In the blog I wrote, “Many purchasers (plan sponsors and their advisers) select the PBM vendor who puts the lowest price on the table. Lowest price involves several variables including admin fees, rebate guarantees, AWP discounts and most important contract language. The problem is plan sponsors are putting a premium on the “numbers” and largely discounting the contract language.”
Seasoned executives or brokers can be seduced into placing more emphasis on the spreadsheet instead of the contract language. For example, price quotes are simply an estimate of what the plan sponsor would have spent had the historical utilization matched that of the proposing PBM (a lot in this sentence). Furthermore, the future actual cost is unknown. As a result, the plan sponsor’s PBM contract is the most important tool to address the actual level of spend – not cost projections.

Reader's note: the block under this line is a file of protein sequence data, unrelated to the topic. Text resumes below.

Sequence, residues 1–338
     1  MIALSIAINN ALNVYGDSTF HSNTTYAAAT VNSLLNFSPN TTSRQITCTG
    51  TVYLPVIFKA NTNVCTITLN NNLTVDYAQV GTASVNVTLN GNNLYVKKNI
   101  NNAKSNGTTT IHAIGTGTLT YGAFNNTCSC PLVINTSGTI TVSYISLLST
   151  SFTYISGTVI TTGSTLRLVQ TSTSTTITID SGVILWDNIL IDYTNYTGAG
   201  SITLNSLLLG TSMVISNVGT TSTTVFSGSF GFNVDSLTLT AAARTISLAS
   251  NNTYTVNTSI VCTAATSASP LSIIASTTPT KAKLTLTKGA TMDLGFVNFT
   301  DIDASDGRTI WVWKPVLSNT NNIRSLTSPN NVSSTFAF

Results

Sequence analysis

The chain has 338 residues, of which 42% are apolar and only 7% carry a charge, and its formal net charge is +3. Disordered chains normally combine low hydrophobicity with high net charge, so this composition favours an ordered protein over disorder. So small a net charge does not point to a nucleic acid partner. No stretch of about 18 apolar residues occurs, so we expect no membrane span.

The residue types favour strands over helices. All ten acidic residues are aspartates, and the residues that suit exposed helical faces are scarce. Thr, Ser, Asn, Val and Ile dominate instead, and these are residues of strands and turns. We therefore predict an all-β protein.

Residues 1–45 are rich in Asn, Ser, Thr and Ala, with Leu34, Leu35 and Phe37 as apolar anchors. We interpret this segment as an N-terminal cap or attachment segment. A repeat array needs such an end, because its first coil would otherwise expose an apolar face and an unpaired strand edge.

Then today I come across an article in the Columbus Dispatch in which the state of Ohio’s Medicaid Director, Maureen Corcoran, says this in response to a question posed by a reporter…
Maureen stated exactly what I’ve been preaching for the past seven years! Yet, very smart people, from the CFO down, are having trouble grasping this approach. I’m often asked, “Tyrone, tell me again why the proposal with the lowest cost isn’t necessarily the lowest cost?” The simple answer is the contract language sets the foundation for all of the financials – not the other way around.
It is through continuous PBM education you become a more sophisticated purchaser of pharmacy benefits which inevitably leads to radical transparency in your PBM relationship(s).